Default values are 'magenta', 'default'.
Colors for headers in the output of a sub-commands (top, report).
Default values are 'white', 'blue'.
Sets a timeout (in milliseconds) for parsing /proc/<pid>/maps files.
Can be overridden by the --proc-map-timeout option on supported
subcommands. The default timeout is 500ms.
tui.*, gtk.*::
Subcommands that can be configured here are 'top', 'report' and 'annotate'.
These values are booleans, for example:
top = true
will make the TUI be the default for the 'top' subcommand. Those will be
available if the required libs were detected at tool build time.
Each executable and shared library in modern distributions comes with a
content based identifier that, if available, will be inserted in a
'' file header to, at analysis time find what is needed to do
symbol resolution, code annotation, etc.
The recording tools also stores a hard link or copy in a per-user
directory, $HOME/.debug/, of binaries, shared libraries, /proc/kallsyms
and /proc/kcore files to be used at analysis time.
The buildid.dir variable can be used to either change this directory
cache location, or to disable it altogether. If you want to disable it,
set buildid.dir to /dev/null. The default is $HOME/.debug
These options work only for TUI.
These are in control of addresses, jump function, source code
in lines of assembly code from a specific program.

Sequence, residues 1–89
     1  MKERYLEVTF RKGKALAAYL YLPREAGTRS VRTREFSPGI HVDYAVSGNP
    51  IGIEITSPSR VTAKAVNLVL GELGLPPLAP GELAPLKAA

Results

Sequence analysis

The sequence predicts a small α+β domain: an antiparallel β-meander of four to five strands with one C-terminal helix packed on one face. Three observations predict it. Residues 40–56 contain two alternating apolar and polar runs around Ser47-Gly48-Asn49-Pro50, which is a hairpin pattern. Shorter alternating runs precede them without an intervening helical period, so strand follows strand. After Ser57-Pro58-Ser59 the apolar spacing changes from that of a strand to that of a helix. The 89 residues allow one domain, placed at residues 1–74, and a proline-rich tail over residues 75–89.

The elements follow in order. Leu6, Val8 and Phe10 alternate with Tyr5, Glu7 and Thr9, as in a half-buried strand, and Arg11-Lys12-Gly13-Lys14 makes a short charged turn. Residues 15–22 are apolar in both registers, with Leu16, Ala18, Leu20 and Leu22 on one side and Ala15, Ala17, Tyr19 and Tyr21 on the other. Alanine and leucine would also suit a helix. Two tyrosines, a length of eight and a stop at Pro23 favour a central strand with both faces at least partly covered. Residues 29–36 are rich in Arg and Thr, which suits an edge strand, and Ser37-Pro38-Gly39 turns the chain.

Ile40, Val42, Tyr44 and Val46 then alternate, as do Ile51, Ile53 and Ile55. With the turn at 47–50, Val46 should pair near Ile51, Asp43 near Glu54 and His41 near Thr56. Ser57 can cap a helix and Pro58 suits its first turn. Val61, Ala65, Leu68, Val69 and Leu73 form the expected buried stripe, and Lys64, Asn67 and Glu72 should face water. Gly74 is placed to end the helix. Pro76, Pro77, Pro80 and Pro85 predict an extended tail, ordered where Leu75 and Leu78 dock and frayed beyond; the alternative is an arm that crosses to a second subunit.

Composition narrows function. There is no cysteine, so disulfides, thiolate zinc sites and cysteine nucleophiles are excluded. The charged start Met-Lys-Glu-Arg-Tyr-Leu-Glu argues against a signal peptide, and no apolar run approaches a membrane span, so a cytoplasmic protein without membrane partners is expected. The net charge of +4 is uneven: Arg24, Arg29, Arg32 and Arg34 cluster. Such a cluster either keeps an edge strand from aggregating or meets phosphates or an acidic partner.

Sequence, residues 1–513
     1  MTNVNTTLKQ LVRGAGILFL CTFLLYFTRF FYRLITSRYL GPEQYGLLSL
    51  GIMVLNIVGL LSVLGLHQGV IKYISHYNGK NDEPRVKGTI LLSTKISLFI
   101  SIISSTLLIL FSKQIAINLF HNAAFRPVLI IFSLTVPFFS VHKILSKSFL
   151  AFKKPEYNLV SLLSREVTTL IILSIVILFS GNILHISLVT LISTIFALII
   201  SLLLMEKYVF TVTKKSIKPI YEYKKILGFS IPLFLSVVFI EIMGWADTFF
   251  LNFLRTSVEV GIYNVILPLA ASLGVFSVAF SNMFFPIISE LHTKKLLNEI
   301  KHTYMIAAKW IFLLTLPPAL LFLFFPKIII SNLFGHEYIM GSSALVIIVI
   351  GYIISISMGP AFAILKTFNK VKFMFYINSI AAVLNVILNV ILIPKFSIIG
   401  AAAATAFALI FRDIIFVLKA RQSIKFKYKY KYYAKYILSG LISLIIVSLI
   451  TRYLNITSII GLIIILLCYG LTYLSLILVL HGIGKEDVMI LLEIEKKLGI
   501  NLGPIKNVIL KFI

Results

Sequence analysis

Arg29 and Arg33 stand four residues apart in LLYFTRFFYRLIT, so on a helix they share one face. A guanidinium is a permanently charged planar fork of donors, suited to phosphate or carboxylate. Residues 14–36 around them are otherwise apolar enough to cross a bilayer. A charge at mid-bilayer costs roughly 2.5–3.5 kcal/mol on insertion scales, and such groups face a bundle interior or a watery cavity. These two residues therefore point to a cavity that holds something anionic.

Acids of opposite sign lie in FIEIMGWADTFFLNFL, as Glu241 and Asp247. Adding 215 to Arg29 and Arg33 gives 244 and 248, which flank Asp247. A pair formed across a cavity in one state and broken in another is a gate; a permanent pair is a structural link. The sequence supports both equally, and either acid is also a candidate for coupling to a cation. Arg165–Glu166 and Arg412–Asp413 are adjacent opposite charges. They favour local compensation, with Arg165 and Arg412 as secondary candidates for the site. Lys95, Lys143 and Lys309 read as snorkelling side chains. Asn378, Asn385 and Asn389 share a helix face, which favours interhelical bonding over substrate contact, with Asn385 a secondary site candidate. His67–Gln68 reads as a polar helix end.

If a program which is analyzed has source code,
this option lets 'annotate' print a list of assembly code with the source code.
For example, let's see a part of a program. There're four lines.
If this option is 'true', they can be printed
without source code from a program as below.
│ push %rbp
│ mov %rsp,%rbp
│ sub $0x10,%rsp
│ mov (%rdi),%rdx
But if this option is 'false', source code of the part
can be also printed as below. Default is 'false'.
│ struct rb_node *rb_next(const struct rb_node *node)
│ {
│ push %rbp
│ mov %rsp,%rbp
│ sub $0x10,%rsp
│ struct rb_node *parent;
│ if (RB_EMPTY_NODE(node))
│ mov (%rdi),%rdx
│ return n;
Basing on a first address of a loaded function, offset can be used.
Instead of using original addresses of assembly code,
addresses subtracted from a base address can be printed.
Let's illustrate an example.
If a base address is 0XFFFFFFFF81624d50 as below,
ffffffff81624d50 <load0>